With temperatures reaching highs of 38°in some parts of the country it is important to take extra precautions when driving in such extreme temperatures. Here are a few tips to help you survive driving in extreme heat:
Plan ahead. Use alternate routes to and from home, which may be less congested than main roads. This may cut your travel time shorter thereby ensuring you don’t spend more time than necessary in the heat of your vehicle.
Cover up. Wear sunglasses and use your visors to minimize sun glare in order to increase your ability to see clearly. If you have rear seat passengers, sheild them from the sun’s rays by using window screens on rear windows. Dropping the top of your cabriolet or sliding the sun roof back might make you look ‘cool’ but it will only increase the amount of heat your body has to contend with.
Leave no man behind. Leaving dependents in your car such as pets, children or the elderly in a hot car, even for a few minutes is highly risky. No matter how quick you think you will be and even if you leave the windows open, unattended car occupants are prone to sunstroke and dehydration in hot, parked cars. It is important to note that the interior of a car can reach temperatures of up to 47°C in an hour, by which time the body could have shut down and would have begun to experience serious health complications.
Wear light colour clothing. Long sleeved shirts and tops help avoid sunburn as clothing made from natural fabrics keep you cool for longer.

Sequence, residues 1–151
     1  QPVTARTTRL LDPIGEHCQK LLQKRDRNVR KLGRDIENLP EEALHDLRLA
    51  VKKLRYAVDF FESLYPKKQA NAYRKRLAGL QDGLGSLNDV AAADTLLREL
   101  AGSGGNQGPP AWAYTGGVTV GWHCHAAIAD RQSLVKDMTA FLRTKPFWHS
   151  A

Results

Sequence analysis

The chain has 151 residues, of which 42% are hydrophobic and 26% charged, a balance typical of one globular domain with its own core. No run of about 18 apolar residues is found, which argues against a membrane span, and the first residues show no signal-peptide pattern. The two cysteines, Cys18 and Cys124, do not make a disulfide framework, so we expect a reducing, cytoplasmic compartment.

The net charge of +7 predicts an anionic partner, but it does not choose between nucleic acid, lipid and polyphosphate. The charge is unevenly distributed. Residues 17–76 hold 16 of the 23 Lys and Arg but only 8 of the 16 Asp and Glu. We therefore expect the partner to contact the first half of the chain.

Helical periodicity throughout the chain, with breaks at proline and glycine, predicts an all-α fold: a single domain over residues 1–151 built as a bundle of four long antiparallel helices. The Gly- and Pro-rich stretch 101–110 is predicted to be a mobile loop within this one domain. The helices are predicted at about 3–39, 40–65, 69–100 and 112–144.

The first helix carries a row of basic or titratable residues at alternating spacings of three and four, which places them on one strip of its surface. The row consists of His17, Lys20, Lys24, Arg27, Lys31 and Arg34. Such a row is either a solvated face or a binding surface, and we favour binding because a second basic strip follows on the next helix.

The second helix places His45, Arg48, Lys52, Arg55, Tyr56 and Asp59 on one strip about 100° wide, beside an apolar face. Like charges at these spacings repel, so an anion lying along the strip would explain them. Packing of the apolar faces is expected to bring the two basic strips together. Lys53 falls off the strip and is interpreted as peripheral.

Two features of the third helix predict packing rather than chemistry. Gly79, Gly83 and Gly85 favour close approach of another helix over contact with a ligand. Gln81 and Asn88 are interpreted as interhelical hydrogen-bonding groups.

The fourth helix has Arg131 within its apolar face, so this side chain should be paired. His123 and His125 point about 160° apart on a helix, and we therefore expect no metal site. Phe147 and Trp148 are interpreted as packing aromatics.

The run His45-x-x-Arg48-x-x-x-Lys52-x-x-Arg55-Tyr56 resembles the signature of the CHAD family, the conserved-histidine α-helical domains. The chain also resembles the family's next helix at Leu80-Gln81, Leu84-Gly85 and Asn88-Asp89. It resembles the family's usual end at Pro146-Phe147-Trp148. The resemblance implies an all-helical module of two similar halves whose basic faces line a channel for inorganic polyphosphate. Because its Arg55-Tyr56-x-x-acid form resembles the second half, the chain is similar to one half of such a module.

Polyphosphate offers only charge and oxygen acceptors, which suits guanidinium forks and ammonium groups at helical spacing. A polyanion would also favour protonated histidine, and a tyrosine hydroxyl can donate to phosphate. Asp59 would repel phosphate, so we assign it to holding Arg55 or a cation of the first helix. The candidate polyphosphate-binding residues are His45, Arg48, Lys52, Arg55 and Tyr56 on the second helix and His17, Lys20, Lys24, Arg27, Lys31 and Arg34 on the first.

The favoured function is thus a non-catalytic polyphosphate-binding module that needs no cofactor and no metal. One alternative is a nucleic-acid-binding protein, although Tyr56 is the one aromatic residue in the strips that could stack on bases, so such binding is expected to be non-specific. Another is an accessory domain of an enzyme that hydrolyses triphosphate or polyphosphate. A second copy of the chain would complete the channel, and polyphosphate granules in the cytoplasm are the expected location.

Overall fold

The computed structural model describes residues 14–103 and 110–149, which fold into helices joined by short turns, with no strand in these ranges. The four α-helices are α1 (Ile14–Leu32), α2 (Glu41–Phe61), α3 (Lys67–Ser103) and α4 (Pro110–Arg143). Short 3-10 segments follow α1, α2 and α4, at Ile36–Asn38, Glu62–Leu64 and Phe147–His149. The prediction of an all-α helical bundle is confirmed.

Keep hydrated. Dehydration can set in quickly, so make sure you have plenty of fluids throughout the day. Water is the best to combat dehydration so keep your intake of alcohol, coffee and tea to a minimum.
Keep your car hydrated. Cars burn up more fuel when the air conditioner is on, so make sure you have enough fuel in your tank to get you safely to your destination. Also check that your engine oil, coolant and water (battery and wiper blades) are topped up.
Park cleverly. When parking, angle the windscreen away from the direction of the sun’s rays which could mean rear parking more often than not. The less heat into the car when you are out of it, the more comfortable it will be when you re-enter it. The steering wheel and seats can reach temperatures of more than 40°C.
Pull over. If you notice the temprerature gauge creeping towards the red or if your engine starts to overheat, pull over as safely as possible and allow it to cool down. Continuing to drive (no matter how short a distance) could lead to irreparable damage to the car and/or exhorbatant costs.